The Global Leadership and Organizational Behavior Effectiveness Project (GLOBE) is one of the most comprehensive, in-depth studies on organizational leadership to date.
In fact, according to many, it is the most in-depth study on organizational leadership to date.
This study encompasses a breadth and scope that eclipses other similar programs, for several reasons:
- The GLOBE study is truly global, expanding its reach across the entire world’s cultures
- It explored key traits of successful leadership not only within each society, but cross-culturally
- The study identified a set of “culturally endorsed” leadership traits that subordinates used to distinguish effective leadership from ineffective leadership
Below, we will look at a few important concepts in the cross-cultural study, which examined 62 cultures in an effort to better understand organizational leadership.
Key Concepts of the Global Leadership and Organizational Behavior Effectiveness Project (GLOBE)
The GLOBE project attempts to be as comprehensive in possible in its scope, conducting multiple studies with thousands of people around the world.
In the research from the early 2000s, participants included:
- 17,300 middle managers from 951 organizations in 58 countries, from food processing, financial services, and telecommunications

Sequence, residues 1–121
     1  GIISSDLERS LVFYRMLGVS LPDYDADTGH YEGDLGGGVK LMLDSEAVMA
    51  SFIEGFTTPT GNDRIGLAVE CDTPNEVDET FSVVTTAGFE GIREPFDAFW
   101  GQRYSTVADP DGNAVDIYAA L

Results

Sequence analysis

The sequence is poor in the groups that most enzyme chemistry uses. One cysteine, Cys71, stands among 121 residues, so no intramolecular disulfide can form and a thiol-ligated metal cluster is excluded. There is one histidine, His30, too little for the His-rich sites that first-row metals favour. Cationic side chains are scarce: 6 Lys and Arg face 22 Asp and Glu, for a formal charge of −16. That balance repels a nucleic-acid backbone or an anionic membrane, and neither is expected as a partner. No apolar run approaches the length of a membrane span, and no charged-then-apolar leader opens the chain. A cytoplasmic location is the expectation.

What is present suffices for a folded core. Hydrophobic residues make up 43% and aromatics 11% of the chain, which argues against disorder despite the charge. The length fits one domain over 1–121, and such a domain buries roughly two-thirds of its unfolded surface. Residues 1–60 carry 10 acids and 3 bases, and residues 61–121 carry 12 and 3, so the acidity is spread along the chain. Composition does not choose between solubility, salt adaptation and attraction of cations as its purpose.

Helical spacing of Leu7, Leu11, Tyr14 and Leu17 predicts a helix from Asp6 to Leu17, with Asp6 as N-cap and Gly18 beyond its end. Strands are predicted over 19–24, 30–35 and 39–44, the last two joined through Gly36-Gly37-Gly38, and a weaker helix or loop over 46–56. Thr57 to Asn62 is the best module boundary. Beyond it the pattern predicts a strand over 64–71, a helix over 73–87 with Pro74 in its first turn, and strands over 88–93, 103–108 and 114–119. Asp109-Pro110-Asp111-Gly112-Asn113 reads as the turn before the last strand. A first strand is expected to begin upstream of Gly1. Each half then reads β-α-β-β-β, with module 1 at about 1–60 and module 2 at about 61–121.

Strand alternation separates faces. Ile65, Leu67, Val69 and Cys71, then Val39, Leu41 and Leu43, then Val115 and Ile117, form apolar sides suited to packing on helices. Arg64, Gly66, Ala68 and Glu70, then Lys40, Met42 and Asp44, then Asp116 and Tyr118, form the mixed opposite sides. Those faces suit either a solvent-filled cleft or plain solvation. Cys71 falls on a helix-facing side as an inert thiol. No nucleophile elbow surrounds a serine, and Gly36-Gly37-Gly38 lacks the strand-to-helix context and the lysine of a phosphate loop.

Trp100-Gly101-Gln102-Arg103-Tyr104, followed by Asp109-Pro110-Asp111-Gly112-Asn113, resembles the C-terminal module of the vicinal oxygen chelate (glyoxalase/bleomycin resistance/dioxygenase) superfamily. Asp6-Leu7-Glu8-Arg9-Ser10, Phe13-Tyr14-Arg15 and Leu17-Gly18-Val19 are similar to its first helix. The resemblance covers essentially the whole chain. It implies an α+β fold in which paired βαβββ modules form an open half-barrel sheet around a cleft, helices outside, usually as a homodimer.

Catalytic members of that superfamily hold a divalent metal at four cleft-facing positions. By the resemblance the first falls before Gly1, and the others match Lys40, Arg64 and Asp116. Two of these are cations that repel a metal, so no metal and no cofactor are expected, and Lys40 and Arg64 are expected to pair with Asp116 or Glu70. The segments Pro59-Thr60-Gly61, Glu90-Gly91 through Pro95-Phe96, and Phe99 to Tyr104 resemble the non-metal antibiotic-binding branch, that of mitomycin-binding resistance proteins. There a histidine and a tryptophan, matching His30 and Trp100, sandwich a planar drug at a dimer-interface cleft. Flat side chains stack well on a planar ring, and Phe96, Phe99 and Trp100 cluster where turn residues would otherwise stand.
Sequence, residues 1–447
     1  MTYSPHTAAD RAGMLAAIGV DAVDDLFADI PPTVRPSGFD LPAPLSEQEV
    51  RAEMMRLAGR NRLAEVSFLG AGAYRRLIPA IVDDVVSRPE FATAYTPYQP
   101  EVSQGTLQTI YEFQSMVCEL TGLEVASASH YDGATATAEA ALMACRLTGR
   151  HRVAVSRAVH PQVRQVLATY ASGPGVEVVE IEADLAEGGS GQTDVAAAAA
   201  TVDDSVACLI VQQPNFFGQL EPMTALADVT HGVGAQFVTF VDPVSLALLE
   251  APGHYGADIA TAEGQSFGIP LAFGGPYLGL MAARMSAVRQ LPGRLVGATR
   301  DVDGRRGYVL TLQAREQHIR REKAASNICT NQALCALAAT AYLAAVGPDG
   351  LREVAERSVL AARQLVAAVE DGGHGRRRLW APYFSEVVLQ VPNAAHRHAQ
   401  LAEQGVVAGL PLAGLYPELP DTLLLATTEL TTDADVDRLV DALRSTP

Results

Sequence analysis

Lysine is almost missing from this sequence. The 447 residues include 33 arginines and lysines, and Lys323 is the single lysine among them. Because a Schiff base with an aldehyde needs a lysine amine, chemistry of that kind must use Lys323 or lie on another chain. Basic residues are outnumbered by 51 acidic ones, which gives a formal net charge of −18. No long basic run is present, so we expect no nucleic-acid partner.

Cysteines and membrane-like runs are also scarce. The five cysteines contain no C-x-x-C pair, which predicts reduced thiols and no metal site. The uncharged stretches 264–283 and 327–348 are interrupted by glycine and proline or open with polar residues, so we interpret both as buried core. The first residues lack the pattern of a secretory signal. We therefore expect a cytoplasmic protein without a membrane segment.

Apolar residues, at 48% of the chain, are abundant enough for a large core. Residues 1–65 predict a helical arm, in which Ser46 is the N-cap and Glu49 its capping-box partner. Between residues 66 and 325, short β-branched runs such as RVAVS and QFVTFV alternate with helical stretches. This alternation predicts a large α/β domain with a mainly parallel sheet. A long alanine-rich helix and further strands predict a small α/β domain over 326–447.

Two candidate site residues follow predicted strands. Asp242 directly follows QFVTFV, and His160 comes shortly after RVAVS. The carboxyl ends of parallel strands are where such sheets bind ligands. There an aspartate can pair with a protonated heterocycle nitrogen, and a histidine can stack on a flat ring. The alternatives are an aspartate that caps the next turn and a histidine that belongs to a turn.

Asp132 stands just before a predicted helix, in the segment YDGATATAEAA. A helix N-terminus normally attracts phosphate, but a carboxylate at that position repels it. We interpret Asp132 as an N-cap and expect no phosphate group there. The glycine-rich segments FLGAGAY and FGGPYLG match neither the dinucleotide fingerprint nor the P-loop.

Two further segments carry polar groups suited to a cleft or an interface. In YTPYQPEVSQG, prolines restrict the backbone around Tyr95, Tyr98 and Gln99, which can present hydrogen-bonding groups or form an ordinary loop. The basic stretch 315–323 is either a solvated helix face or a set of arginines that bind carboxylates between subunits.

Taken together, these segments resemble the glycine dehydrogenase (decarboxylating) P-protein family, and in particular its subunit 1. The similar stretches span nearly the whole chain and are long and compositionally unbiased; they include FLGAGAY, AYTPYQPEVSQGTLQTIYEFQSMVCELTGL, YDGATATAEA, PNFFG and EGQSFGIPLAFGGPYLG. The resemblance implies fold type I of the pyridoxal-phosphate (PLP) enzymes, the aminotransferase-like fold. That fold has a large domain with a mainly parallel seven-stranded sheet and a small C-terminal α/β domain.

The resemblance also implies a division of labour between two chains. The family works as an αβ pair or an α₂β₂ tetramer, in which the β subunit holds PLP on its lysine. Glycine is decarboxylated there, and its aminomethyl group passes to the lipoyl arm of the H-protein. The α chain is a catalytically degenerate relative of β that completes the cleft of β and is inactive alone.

- 62 societies, which were combined into 10 culture clusters
- A 14-member team of coordinators and researchers
The study’s purpose, as the name implies, was to better understand leadership and organizational effectiveness from a global perspective.
To that end, the researchers developed attributes, dimensions, and measurement standards. These offered a set of common tools and metrics that researchers could use to analyze and report their results.
These metrics included:
- 112 leader characteristics, such as modest, trustworthy, and decisive
- 21 leadership scales, which were derived from the first round of surveys about those characteristics
- 6 leadership styles, or “culturally endorsed leadership theory dimensions,” which were derived from the 21 scales
Based on the research, these six styles were the most universally valued leadership styles across cultures.
Naturally, not all organizational cultures, societal cultures, or culture clusters placed the same value on each style.
Some varied more than others. However, across cultures, participants connected those six styles with effective leadership.
GLOBE’s Six Leadership Styles
These styles included:
- Charismatic / Value Based – Leaders with this style value innovation, inspiring others, passion, and decisiveness, among other characteristics.
- Team-Oriented – As the name suggests, this style focuses on teamwork, cooperation, collaboration, a common purpose, loyalty, and so forth.
- Participative – Participation-oriented leaders encourage delegation, equality, input from others, and similar traits.
- Humane – A humane approach is centered around a concern for others, and these leaders have characteristics such as compassion, generosity, and patience.